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Simon Fraser study finds PEV success not tied to awareness of public chargers; implications for policy makers

A new Canada-wide study conducted by Simon Fraser University researchers found that awareness of public chargers is not a strong predictor of plug-in electric vehicle (PEV) interest; other variables are more important, such as the availability of level 1 (110/120-volt) charging at home. The results have important implications for governments with limited budgets to support the EV market, suggests Jonn Axsen, Assistant Professor in the School of Resource and Environmental Management.

The study, conducted by Axsen and two of his graduate students, is published in the journal Transportation Research Part D: Transport and Environment. The researchers also recently presented their study to the National Academy of Sciences’ Transportation Research Board in Washington, DC.

Policymakers are increasingly promoting the adoption of plug-in electric vehicles (PEVs) to help combat the global rise in CO2 emissions. Despite the potential environmental benefits of PEVs, several structural, social, and cultural challenges may need to be overcome before PEVs can be widely adopted. One of these challenges is thought to be the limited availability of non-home PEV charging infrastructure, i.e. chargers at work, public and commercial locations. In reality, however, the relationship between the availability of non-home charging infrastructure and the uptake of PEVs is not currently well understood.

… Increasing the availability of PEV charging (home and public) is associated with two main social benefits. The first is to support the use of PEVs among current owners, allowing them to use their PEVs more extensively and ideally offsetting more gasoline-powered kilometers with electric-powered kilometers. The second benefit is to help promote PEV ownership in the first place. The idea is that widespread availability of PEV chargers will increase general awareness of PEV technology, increase perceptions of PEV functionality, and potentially allow for the development of green, innovative, and progressive “cultural branding”. It is this second benefit that we focus on here—the potential of public chargers to increase the uptake of PEVs by stimulating demand.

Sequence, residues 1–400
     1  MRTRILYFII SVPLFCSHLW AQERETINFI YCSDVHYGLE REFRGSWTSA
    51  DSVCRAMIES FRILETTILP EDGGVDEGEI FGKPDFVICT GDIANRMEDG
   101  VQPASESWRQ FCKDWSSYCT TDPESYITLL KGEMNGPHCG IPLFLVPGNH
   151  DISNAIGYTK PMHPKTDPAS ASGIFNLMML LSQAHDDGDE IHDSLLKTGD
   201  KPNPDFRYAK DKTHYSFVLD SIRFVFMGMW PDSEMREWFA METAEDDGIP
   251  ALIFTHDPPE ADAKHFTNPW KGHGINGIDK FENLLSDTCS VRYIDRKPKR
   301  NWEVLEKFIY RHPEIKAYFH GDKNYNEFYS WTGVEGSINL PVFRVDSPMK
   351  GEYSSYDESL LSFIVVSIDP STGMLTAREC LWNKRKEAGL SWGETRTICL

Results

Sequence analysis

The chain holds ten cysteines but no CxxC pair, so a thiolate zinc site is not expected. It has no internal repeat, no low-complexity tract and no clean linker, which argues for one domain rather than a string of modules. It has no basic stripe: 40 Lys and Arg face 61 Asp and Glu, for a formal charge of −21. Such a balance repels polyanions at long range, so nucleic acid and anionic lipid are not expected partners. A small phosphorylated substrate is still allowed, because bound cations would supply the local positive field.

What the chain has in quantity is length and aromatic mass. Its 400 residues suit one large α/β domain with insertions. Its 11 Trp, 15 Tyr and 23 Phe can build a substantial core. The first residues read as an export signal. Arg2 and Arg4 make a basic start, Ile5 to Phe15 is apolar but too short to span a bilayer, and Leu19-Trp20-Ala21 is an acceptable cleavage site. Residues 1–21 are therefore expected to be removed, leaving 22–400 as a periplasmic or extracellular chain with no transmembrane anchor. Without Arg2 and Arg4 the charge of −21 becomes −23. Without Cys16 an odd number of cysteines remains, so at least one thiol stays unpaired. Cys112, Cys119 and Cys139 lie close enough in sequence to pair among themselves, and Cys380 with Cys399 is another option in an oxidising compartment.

—Bailey et al.

The study collected information from a representative sample of 1,739 new vehicle buying households in Canada, with 536 from British Columbia. Respondents were asked about awareness of public charging in their region, and about their overall interest in purchasing a plug-in electric vehicle, such as a Chevrolet Volt or Nissan Leaf.

The results showed that as of 2013, when this survey data was collected, 18% of Canadian respondents reported being aware of at least one public charger. The data also showed that British Columbia’s Clean Energy Vehicle program—which installed almost 500 public chargers when the survey was conducted in 2013—was largely successful in increasing charger awareness. Almost one-third (31%) of British Columbian respondents had seen at least one public charger, compared to only 13% of respondents in the rest of Canada.

For comparison, a 2011 US survey found that 12% of respondents had seen public charging locations in their community; excluding the more aware province of BC, levels of awareness of at least one charger in the rest of Canada (13%) are very similar to those in the US. However, that awareness does not necessarily translate into increased plug-in electric vehicle interest.